The clinical presentation of first-degree and Mobitz type I block is typically benign and rarely produces symptoms. Normal, physiologic block of this type occurs in response to increases in parasympathetic output. This is commonly seen during sleep, with carotid sinus massage, or in well-trained athletes. It may also occur as a medication effect (calcium channel blockers, beta-blockers, digitalis, or antiarrhythmics). Pathologic causes, including myocardial ischemia or infarction (discussed earlier), inflammatory processes (ie, Lyme disease), fibrosis, calcification, or infiltration (ie, amyloidosis or sarcoidosis), should be excluded.
Mobitz type II block and complete (third-degree) heart block are almost always due to pathologic disease involving the infranodal conduction system, and symptoms including fatigue, dyspnea, presyncope or syncope are common. With complete heart block, where no atrial impulses reach the ventricle, the ventricular escape rate is usually slow (less than 50 beats/min) and severity of symptoms may vary depending on the rate and stability of the escape rhythm (eFigure 10–58). Exercise does not increase the rate. The first heart sound varies in intensity; wide pulse pressure, a changing systolic BP level, and cannon venous pulsations in the neck are also present. As for lesser degrees of AV block, pathologic causes should be explored.
Admission electrocardiogram demonstrating complete heart block. (Reproduced with permission from Dolbec KWD, Higgins GL, Saucier JR. Lyme carditis with transient complete heart block. West J Emerg Med. 2010;11(2):211–2.)
Intraventricular conduction block is relatively common and may be transient (ie, related to increases in heart rate) or permanent. Right bundle branch block is often seen in patients with structurally normal hearts. The left bundle is composed of two components (anterior and posterior fascicles) and left bundle branch block is more often a marker of underlying cardiac disease, including ischemic heart disease, inflammatory or infiltrative disease, cardiomyopathy, and valvular heart disease. Below the AV node and bundle of His, the conduction system trifurcates into a right bundle and anterior and posterior fascicles of the left bundle. Conduction block in each of these fascicles can be recognized on the surface ECG (eFigure 10–59) (eFigure 10–60). Bifascicular block is present when two of these—right bundle, left anterior, and left posterior fascicle—are involved. Trifascicular block is defined as right bundle branch block with alternating left hemiblock, alternating right and left bundle branch block, or bifascicular block with documented prolonged infranodal conduction (long His-ventricular interval). In asymptomatic patients with bifascicular block (block in two of three infranodal components—right bundle, left anterior, and left posterior fascicle), the incidence of occult complete heart block or progression to it is low (1% annually).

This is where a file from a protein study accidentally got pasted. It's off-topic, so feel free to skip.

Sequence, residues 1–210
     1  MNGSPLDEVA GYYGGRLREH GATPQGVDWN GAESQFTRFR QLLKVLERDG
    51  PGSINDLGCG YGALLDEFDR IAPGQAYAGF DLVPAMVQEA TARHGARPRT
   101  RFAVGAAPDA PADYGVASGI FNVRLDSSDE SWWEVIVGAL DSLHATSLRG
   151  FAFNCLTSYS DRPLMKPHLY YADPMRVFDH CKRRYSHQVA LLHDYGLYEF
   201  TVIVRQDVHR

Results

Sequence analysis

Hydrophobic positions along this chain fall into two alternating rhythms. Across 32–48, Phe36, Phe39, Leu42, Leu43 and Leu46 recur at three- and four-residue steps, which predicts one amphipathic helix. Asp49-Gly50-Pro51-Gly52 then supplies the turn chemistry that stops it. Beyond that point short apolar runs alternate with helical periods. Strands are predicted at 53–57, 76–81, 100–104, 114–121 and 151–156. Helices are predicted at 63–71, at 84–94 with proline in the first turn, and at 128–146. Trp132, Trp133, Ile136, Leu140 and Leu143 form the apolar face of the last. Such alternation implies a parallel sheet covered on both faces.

Left anterior fascicular block. Note the qR complexes in leads I and aVL and rS complexes in II, III, and aVF. Also note the prolonged R-wave peak time in aVL (the time from onset of the QRS to the peak of the R wave > 45 msec). (Reproduced, with permission, from Alemzadeh-Ansari MJ. Electrocardiography. In: Maleki M, Alizadehasl A, Haghjoo M (editors). Practical Cardiology. Elsevier, 2018. Copyright © Elsevier.)
Left posterior fascicular block. Note the rS complexes in leads I and aVL and qR complexes in II, III, and aVF. Also note the prolonged R-wave peak time in aVF (the time from onset of the QRS to the peak of the R wave > 45 msec). (Reproduced, with permission, from Alemzadeh-Ansari MJ. Electrocardiography. In: Maleki M, Alizadehasl A, Haghjoo M (editors). Practical Cardiology. Elsevier, 2018. Copyright © Elsevier.)